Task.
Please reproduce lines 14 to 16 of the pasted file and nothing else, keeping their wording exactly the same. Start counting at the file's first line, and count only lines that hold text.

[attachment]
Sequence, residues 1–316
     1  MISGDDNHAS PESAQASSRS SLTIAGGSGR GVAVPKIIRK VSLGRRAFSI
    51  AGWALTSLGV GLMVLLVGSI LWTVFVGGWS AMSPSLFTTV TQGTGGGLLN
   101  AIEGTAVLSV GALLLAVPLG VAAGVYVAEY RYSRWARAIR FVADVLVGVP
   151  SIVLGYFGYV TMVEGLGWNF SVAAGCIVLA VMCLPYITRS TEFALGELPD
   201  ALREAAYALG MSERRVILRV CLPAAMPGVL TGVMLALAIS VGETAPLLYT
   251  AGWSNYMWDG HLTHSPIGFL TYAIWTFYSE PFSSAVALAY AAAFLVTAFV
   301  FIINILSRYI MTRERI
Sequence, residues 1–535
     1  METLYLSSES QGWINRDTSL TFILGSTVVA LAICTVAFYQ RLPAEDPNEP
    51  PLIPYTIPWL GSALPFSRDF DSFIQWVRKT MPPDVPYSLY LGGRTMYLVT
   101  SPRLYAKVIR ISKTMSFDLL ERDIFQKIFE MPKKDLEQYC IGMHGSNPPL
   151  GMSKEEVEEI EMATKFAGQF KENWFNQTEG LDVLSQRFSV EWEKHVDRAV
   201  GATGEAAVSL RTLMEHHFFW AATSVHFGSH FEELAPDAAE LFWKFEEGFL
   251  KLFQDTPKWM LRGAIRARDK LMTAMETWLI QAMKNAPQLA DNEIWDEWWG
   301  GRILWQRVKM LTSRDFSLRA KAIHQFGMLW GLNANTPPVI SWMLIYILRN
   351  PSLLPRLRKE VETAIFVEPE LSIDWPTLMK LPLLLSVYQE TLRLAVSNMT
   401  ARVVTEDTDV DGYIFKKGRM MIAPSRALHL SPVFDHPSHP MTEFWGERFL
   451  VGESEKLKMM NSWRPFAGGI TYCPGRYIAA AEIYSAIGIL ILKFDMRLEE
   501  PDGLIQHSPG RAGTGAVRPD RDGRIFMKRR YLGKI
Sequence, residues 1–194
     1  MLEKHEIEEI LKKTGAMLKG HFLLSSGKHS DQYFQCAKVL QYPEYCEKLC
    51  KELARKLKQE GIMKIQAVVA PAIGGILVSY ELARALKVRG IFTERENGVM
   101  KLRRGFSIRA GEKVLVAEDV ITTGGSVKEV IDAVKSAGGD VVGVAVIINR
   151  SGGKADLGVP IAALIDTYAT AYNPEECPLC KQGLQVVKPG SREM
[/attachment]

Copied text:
   201  GATGEAAVSL RTLMEHHFFW AATSVHFGSH FEELAPDAAE LFWKFEEGFL
   251  KLFQDTPKWM LRGAIRARDK LMTAMETWLI QAMKNAPQLA DNEIWDEWWG
   301  GRILWQRVKM LTSRDFSLRA KAIHQFGMLW GLNANTPPVI SWMLIYILRN